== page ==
Quintus Asconius Pedianus, Commentarii [Pro Milone] 51-52C (ca. A.D. 40):
In eadem contione idem dixerat - habuit enim eam a.d. VIII Kal. Febr. - cum Milo pridie, id est VIIII Kal. Febr., venire ad Pompeium in hortos eius voluisset, Pompeium ei per hominem propinquum misisse nuntium ne ad se veniret. Prius etiam quam Pompeius ter consul crearetur, tres tribuni, Q. Pompeius Rufus, C. Sallustius Crispus, T. Munatiuis Plancus, cum cotidianis contionibus suis magnam invidiam Miloni propter occisum Clodium excitarent, produxerant ad populum Cn. Pompeium et ab eo quaesierant num ad eum delatum esset illius quoque rei indicium, suae vitae insidiari Milonem. Responderat Pompeius: Licinium quendam de plebe sacrificulum qui solitus esset familias purgare ad se detulisse servos quosdam Milonis itemque libertos comparatos esse ad caedem suam, nomina quoque servorum eidisse; se ad Milonem misisse utrum in potestate sua haberet; a Milone responsum esse, ex iis servis quos nominasset partim neminem se umquam habuisse, partim manumississe; dein, cum Licinium apud se haberet, . . . Lucium quendam de plebe ad corrumpendum indicem venisse; qua re cognita in vincla eum publica esse coniectum. Decreverat enim senatus ut cum interrege et tribunis plebis Pompeius daret operam ne quid res publica detrimenti caperet. [52C] Ob has suspiciones Pompeius in superioribus hortis se continuerat; deinde ex S.C. dilectu per Italiam habito cum redisset, venientem ad se Milonem unum omnium non admiserat. Item cum senatus in porticu Pompei haberetur ut Pompeius posset interesse, unum eum excuti prius quam in senatum intraret iusserat.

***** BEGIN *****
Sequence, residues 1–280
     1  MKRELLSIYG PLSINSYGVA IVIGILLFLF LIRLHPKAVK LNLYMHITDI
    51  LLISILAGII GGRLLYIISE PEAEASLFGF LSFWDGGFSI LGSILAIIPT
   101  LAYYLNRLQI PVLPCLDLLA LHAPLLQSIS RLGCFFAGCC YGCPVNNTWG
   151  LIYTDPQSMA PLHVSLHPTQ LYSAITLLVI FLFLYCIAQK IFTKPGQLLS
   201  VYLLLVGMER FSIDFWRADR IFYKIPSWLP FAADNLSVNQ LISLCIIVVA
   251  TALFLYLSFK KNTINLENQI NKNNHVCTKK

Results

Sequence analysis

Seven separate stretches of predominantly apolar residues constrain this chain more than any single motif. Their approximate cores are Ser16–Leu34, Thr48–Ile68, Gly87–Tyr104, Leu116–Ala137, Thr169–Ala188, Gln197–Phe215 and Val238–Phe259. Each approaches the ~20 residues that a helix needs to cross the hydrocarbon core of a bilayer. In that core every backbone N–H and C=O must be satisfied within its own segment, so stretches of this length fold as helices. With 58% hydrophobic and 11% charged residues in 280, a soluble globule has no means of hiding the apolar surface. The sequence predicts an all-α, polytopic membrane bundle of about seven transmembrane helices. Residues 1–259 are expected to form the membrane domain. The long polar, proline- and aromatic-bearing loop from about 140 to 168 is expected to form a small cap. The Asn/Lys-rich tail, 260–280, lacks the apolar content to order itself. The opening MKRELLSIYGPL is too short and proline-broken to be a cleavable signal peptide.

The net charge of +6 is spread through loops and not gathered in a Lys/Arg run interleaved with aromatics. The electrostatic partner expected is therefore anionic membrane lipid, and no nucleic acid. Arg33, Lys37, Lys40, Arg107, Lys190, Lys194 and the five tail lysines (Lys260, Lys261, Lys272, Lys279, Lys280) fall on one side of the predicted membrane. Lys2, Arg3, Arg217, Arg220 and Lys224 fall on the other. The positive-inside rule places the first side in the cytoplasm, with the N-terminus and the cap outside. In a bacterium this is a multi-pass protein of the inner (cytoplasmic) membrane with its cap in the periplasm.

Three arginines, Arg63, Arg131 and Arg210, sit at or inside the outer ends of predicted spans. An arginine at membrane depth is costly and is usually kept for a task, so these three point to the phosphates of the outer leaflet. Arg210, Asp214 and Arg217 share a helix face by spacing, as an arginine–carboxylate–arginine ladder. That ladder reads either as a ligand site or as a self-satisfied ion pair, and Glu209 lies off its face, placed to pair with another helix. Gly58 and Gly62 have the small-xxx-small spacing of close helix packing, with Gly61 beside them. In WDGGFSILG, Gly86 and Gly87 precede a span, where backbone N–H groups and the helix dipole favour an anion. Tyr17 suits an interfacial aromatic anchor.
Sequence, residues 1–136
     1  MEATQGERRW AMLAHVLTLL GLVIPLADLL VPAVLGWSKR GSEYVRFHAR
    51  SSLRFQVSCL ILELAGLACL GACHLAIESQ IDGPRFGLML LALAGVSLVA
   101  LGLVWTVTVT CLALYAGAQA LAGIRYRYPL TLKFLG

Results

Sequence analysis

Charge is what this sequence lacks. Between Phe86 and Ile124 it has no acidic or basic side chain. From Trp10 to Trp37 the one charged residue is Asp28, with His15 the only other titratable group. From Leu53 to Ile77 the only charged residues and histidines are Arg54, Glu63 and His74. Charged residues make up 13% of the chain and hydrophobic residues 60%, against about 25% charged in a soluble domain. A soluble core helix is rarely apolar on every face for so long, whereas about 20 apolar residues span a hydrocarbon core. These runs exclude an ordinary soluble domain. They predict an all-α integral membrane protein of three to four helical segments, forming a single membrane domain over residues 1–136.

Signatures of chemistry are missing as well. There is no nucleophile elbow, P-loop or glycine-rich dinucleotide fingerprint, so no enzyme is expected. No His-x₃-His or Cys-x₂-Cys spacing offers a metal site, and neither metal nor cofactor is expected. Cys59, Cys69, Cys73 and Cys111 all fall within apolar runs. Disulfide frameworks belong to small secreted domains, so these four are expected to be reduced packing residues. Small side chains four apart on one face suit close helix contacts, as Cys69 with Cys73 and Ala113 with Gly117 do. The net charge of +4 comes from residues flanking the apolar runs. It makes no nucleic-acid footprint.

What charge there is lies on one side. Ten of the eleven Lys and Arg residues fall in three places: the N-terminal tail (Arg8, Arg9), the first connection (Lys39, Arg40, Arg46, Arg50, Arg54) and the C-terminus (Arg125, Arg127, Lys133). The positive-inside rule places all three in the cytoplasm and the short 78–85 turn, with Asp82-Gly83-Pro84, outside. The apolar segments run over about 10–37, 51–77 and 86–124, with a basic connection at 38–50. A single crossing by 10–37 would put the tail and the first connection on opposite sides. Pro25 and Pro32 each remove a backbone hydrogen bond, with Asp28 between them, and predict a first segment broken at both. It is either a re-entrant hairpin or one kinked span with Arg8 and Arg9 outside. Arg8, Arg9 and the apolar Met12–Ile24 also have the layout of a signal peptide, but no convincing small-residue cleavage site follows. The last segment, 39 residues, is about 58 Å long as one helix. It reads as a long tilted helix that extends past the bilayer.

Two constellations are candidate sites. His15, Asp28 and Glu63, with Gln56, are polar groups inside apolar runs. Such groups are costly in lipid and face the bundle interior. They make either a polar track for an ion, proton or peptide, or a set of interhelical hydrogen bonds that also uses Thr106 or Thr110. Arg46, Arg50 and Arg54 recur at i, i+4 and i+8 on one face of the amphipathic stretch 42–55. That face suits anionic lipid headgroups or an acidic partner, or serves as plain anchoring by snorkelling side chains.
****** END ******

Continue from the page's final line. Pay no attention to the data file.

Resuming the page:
At this same contio on 25 January he [Q. Pompeius Rufus, tr. pl. ] had also said that Milo had intended visiting Pompeius in his garden villa on the 24th, but Pompeius had sent a message by an intimate telling him not to come. Even before Pompeius' appointment as consul for the third time, three tribuni plebis - Q. Pompeius Rufus, C. Sallustius Crispus, T Munatius Plancus - had at daily contiones been inflaming feeling against Milo because of Clodius' murder, and had brought Pompeius before the populus, asking him whether he had acquired evidence that Milo was plotting against his life. Pompeius' reply was that a man called Licinius, a plebeius priest who carried out purifications, had given him some information, namely that some slaves and freedman of Milo's had been instructed to murder him; freedman of Milo's had been instructed to murder him; Licinius also named the salves. He Pompeius had inquired whether Milo had them in his jurisdiction. Milo's reply had been that of the slaves identified some had never been his property, some he had emancipated. Then, while Licinius was still with him, Pompeius had had a visit from Lucius, a plebeius, who had come to bribe the informer. This fact came out, and the man was then imprisoned, since the senate had passed a decree that Pompeius, together with the interrex and the tribuni plebis, should ensure that the state suffered no harm. Pompeius had by now become suspicious, and remained in the upper part of his garden villa. After this, troops were raised in Italy by senatorial decree; and he reappeared; of those that called him Milo was the only not admitted. Furthermore, a meeting of the senate was held in Pompeius' portico so that Pompeius could attend, and he insisted on Milo being removed before he would enter. (S. Squires, trans.)